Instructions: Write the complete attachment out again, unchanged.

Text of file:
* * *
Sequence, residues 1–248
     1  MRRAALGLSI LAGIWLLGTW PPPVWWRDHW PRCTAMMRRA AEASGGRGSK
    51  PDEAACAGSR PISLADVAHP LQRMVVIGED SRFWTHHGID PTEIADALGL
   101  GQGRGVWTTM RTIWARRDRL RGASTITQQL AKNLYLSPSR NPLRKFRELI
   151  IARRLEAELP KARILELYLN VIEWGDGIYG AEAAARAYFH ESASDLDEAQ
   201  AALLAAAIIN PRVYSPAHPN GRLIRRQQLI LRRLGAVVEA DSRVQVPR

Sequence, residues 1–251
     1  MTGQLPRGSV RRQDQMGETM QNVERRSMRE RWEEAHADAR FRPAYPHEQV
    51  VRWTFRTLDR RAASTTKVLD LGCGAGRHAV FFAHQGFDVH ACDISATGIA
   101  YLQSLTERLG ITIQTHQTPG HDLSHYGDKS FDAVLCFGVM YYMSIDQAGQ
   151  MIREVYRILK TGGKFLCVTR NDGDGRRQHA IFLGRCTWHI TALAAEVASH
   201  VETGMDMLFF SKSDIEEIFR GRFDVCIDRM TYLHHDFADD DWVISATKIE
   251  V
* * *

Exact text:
Sequence, residues 1–248
     1  MRRAALGLSI LAGIWLLGTW PPPVWWRDHW PRCTAMMRRA AEASGGRGSK
    51  PDEAACAGSR PISLADVAHP LQRMVVIGED SRFWTHHGID PTEIADALGL
   101  GQGRGVWTTM RTIWARRDRL RGASTITQQL AKNLYLSPSR NPLRKFRELI
   151  IARRLEAELP KARILELYLN VIEWGDGIYG AEAAARAYFH ESASDLDEAQ
   201  AALLAAAIIN PRVYSPAHPN GRLIRRQQLI LRRLGAVVEA DSRVQVPR

Sequence, residues 1–251
     1  MTGQLPRGSV RRQDQMGETM QNVERRSMRE RWEEAHADAR FRPAYPHEQV
    51  VRWTFRTLDR RAASTTKVLD LGCGAGRHAV FFAHQGFDVH ACDISATGIA
   101  YLQSLTERLG ITIQTHQTPG HDLSHYGDKS FDAVLCFGVM YYMSIDQAGQ
   151  MIREVYRILK TGGKFLCVTR NDGDGRRQHA IFLGRCTWHI TALAAEVASH
   201  VETGMDMLFF SKSDIEEIFR GRFDVCIDRM TYLHHDFADD DWVISATKIE
   251  V